One of the challenges facing a higher education institution trying to choose a new learning management system is the blind taste test that passes for product demonstration.

Typically this involves being hustled through a demo site that’s been populated with made-up students in imaginary classes exchanging imaginary one-liners with each other via a discussion board, while imaginary academics set up imaginary course content, and the whole thing flows through to imaginary gradebooks or generates imaginary tracking reports. Because the number of dummy identities is invariably about 20 or so, and their communication is limited to brief sentences (although some only manage to mutter “test test test”), it’s a highly contained exercise in imagining how online learning actually works.

Really, it’s like trying to compare the liveability of two different cities by flying over them. Once you’re far enough above the ground, they all look more or less the same.

But even down at the level of the pavement, sometimes a big LMS can still seem kind of samey. It’s the way they boil it all down to workflow automation. Their big offer to us is couched in the way that they’ll shoulder the burden of our routine tasks using power tools that we can set and forget: learning frameworks, templates, rubrics, analytics, objective-based progressions, competency measures.  In the background there’s the sound of jackhammers as content gets thumped into the content repositories (which, touchingly, rhymes with suppositories).  And on every billboard, at every corner, they promise us we’ll be able to see our very own corporate brand.

At this point in a vendor demonstration, there’s often a hopeful little pause as though the entire audience will break into spontaneous applause at the sheer going-forwardness of it all.

Of course there are limits to the ways in which these mega-systems differentiate themselves from one another, given that they’re all in the same trade, and they’re all watching each other very closely.  But I’m starting to get a little antsy at the way in which they’re setting the priorities of higher education. Thrilling as all these tools might be—and certainly I know people who get genuinely excited at the thought of analytics that enable us to quantify and aggregate the ups and downs of student outcomes across the whole enterprise—they seem to me to miss some fundamentals in the debate about where online learning should sit in the future university.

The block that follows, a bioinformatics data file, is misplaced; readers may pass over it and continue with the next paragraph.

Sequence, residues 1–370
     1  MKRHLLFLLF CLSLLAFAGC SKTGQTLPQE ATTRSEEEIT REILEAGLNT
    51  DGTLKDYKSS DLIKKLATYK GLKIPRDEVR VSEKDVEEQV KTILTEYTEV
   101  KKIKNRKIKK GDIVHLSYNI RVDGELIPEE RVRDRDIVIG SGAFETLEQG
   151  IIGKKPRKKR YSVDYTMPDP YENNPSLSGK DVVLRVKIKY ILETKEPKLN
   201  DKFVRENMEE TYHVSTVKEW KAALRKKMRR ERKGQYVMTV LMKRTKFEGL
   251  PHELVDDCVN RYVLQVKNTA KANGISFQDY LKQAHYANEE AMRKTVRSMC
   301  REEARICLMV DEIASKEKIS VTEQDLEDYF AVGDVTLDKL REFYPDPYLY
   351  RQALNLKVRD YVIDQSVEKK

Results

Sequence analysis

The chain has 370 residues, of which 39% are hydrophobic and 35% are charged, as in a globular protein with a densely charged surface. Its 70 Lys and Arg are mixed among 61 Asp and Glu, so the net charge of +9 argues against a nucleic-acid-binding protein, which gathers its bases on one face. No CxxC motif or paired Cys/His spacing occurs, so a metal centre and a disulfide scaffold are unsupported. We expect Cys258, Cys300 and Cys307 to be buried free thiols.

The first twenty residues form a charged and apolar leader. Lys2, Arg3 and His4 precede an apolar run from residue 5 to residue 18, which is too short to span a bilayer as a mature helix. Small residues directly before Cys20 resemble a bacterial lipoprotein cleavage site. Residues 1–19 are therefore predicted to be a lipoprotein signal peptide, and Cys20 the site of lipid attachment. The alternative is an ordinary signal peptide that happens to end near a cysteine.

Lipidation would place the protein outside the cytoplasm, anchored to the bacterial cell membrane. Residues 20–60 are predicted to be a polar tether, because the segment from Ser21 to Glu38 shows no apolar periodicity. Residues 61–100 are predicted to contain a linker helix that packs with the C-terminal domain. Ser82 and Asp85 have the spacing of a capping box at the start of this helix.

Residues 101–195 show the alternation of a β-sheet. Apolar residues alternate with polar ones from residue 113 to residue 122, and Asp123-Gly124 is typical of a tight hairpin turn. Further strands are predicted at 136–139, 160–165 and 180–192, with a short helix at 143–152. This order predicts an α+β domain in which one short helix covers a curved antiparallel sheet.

A little while ago, Nigel Thrift argued that as much as we need “debate about the future”, we also need to work this out within a realistic sense of our institutional constraints: “The financial model of many universities is marginal, even when they have endowments of some size.”

The 2011 Inside Higher Ed survey of College and University Presidents makes a similar point: the most pressing concern for US colleges and universities is budget cuts. The 956 CEOs surveyed would see some benefit in outsourcing services (36%), retiring older faculty (35.8%) changing tenure policy (34.5%) or increasing teaching loads (34%) but recognise the political consequences of doing so.  However, among the strategies that are both effective and politically acceptable, 36% nominate “launching/expanding online education programs”.